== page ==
Malmö was pure bliss. It was a quiet town nestled at the southern tip of Sweden, just across the bridge from Copenhagen, filled with paradoxes of history and modernism. I wandered the streets, visited the castle (which turns out is half art museum??) and stumbled upon a garden in which I felt the most calm and true I have ever felt.
My sweet Airbnb was tucked away on a side street and greeted me with the softest, most beautiful afternoon light. I launched myself onto the comfy bed as soon as I arrived, and basked in the calm that was overwhelming me. And, of course, the open, airy studio called for some self portraits as well. (Available for booking here.)
I wandered into Sankt Petri Church on my first evening in the city and was struck with crisp white and glowing gold all around me. The 700 year old Gothic style church is still functioning today. It was breathtaking to be in the midst of a sanctuary with so much history. Almost all of the original artwork is gone, but the way it stands now is just as beautiful as ever. It gleams a golden glow off of the white-washed walls and captivated my presence as I sat, prayed and meditated.
The next morning, on my way to see the castle, I stumbled upon the most beautiful, lush garden, Slottsträdgården. The morning light was still, the breeze caught hold of freshly fallen leaves, and it was in this time that I felt truly sure that I was exactly where I was meant to be.
This morning, I felt true joy.
After a few hours spent basking in the Swedish sunshine, I wandered to the Malmö castle - which turns out is half castle exhibit, half art museum? The castle was a complete 180° turn from the peaceful morning that I had just experienced, as it was 90% an exhibition on the jails, torture and death that had occurred inside the castle walls. I was the only visitor making their way through the darkly-lit, poorly-curated hallways and found myself actually quite terrified at the gruesome sound effects and haunted-house like props that were meant to be "historic."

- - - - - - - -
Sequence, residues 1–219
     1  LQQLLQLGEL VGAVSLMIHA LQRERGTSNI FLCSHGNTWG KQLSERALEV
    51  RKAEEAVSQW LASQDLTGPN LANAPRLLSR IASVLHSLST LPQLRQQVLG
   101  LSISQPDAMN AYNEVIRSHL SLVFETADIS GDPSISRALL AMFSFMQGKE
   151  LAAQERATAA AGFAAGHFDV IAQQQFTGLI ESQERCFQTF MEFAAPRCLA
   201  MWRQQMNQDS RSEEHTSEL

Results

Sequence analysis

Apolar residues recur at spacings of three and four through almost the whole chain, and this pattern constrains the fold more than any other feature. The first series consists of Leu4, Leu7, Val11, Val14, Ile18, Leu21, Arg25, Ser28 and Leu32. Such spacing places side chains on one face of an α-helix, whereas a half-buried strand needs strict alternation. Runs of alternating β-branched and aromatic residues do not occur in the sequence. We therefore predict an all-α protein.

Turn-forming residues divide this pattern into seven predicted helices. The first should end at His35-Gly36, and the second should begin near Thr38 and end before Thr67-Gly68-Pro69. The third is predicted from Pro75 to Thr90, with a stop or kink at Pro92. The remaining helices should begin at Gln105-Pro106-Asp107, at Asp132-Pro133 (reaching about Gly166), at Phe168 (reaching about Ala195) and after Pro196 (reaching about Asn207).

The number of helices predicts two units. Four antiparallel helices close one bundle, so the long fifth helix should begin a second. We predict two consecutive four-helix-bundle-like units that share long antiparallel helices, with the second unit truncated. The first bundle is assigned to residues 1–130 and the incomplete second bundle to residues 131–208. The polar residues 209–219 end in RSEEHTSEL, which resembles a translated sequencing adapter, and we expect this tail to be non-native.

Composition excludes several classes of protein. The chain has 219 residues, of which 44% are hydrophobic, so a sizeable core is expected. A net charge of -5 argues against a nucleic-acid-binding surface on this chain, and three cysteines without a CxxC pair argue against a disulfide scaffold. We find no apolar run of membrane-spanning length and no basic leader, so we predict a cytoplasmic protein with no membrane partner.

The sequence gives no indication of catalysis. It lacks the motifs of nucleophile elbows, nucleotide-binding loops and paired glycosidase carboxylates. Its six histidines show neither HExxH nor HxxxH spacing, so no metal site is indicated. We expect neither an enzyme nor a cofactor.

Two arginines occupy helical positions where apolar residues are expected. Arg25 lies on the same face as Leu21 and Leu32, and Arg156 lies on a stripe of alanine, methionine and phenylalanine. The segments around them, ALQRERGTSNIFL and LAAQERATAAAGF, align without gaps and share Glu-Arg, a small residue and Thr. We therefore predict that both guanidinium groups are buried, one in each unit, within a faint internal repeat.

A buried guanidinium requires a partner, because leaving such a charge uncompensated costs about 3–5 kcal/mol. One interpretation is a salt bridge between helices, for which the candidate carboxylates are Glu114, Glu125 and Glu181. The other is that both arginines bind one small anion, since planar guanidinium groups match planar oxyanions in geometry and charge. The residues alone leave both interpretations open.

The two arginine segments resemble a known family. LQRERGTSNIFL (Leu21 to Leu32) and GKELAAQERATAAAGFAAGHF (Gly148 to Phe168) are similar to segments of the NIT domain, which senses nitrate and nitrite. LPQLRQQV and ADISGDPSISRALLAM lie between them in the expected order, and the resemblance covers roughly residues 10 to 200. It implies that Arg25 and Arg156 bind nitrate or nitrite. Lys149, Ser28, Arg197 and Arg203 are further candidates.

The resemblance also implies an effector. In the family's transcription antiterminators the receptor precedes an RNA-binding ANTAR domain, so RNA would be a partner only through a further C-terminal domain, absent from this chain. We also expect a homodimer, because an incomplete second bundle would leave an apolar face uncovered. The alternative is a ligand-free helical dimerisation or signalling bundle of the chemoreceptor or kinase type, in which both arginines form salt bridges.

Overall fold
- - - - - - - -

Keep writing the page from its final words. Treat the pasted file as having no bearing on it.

Needless to say, I read a few plaques and got out of there quick.
The architecture of this city was curiously diverse. Some streets housed hundred year old flats, sandwiched between contemporary structures and LED street lights; others held grassy canal edges with geometric skyscrapers smacked in the middle. Although despite its architectural efforts to be a city, Malmö still felt small, quiet and as if it were the almost-forgotten Swedish younger sibling of Copenhagen.
I was only here for a couple of days, but I truly enjoyed every second. The shopping was stellar, the food well prepared, and the people as friendly as all the other Swedes I had encountered. I would gladly return in a heartbeat.